Environmental News for a Healthier Planet and Life

Black-Owned Farms in New Focus as Biden Looks for Solutions to Both Race and Climate Crises

Black-Owned Farms in New Focus as Biden Looks for Solutions to Both Race and Climate Crises
Sedrick Kent Rowe Jr. from Albany, Georgia is the owner and operator of Rowe Organic Farms LLC. Black Farmers Network
Two of the four interconnected crises prioritized by the Biden administration — climate change and systemic racism — converge on Black farmers, The New York Times reports.

Decades of racial violence and racist lending and land ownership policies have nearly eliminated Black farmers in the U.S. — 2% of U.S. farms are run by Black farmers, down from 14% in 1920. The Biden administration has pledged to address and work to undo the decades of discrimination against Black, and other POC farmers and to make agriculture a key part of its efforts to fight climate change.

"We've waited year after year after year. We've fought for changes," Shirley Sherrod, a former Georgia state director for rural development at the Department of Agriculture who was fired in 2010 over a doctored and misleading video. "Now [the USDA], and this country, really needs to figure out how to do the right thing by Black people."

Tom Vilsack, who headed USDA for the entire Obama Administration and is currently nominated to run it again, promised Black farmers "a seat at the table" during a meeting with civil rights groups last month. In 2015, less than 0.2% of the $5.7 billion of microloans issued by the USDA went to Black farmers.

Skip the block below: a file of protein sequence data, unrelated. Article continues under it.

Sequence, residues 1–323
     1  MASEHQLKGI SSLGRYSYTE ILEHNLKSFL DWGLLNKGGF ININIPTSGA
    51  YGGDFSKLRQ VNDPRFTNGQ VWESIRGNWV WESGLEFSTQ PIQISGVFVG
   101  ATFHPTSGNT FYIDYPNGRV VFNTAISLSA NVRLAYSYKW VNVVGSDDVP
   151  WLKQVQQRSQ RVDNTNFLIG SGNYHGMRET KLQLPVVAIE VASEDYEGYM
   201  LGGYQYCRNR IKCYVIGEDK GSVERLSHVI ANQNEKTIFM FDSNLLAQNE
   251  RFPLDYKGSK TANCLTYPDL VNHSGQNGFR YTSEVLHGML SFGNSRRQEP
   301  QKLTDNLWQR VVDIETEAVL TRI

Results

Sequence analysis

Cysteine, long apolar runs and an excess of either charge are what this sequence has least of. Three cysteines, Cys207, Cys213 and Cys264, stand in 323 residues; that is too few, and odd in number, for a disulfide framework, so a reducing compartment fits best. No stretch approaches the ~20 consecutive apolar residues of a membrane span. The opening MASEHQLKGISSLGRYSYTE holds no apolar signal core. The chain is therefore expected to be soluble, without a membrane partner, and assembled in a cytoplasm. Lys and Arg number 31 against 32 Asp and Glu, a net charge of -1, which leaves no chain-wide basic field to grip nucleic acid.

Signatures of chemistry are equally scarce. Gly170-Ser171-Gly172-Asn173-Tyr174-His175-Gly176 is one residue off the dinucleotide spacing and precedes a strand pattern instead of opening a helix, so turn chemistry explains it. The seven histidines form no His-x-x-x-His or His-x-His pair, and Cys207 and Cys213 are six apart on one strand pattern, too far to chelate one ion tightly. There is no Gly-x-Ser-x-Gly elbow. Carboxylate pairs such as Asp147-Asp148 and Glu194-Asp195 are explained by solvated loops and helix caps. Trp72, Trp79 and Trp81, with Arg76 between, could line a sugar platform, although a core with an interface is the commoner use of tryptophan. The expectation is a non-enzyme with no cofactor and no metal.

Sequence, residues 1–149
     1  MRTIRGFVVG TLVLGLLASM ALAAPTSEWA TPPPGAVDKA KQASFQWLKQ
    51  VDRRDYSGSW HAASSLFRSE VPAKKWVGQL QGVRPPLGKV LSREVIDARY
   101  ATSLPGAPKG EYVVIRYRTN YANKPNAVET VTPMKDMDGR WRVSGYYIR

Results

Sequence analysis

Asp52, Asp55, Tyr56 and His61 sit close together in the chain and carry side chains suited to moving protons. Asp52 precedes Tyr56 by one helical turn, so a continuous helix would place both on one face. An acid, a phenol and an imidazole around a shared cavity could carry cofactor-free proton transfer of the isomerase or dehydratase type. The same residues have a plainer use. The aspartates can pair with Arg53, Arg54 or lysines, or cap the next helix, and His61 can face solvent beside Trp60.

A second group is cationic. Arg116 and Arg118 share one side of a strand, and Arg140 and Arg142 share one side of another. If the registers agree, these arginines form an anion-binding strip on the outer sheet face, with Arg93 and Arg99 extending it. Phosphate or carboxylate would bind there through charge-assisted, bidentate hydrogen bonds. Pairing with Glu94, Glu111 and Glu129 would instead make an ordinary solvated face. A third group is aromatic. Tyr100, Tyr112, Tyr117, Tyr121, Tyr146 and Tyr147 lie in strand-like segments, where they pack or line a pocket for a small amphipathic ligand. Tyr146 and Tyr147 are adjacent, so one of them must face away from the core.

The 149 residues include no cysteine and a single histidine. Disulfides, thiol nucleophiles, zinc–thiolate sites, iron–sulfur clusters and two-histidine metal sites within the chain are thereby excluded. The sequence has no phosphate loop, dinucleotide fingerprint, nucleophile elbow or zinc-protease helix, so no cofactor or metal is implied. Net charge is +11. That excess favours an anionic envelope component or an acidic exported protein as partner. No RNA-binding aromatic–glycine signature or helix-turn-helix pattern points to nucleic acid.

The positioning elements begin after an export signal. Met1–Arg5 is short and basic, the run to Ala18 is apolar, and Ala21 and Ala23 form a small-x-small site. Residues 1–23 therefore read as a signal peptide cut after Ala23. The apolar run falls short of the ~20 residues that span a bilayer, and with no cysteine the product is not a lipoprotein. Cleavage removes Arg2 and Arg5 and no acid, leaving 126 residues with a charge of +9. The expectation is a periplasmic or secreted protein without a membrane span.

As reported by The New York Times:

Sedrick Rowe was a running back for Georgia's Fort Valley State University when he stumbled on an unexpected oasis: an organic farm on the grounds of the historically Black school.
He now grows organic peanuts on two tiny plots in southwest Georgia, one of few African-American farmers in a state that has lost more than 98 percent of its Black farmers over the past century.
"It weighs on my mind," he said of the history of discrimination, and violence, that drove so many of his predecessors from their farms. "Growing our own food feels like the first step in getting more African-American people back into farming."
For Mr. Rowe, organic farming practices on his modest 30 acres are also an economic imperative: His crop fetches several times the price of standard peanuts on the market. That helps him compete in a business landscape dominated by predominantly white farmers taking advantage of huge economics of scale and subsidies.
"It's a good start," Mr. Rowe said of Mr. Biden's plan. "You take care of your soil, the soil takes care of you."

For a deeper dive:

The New York Times

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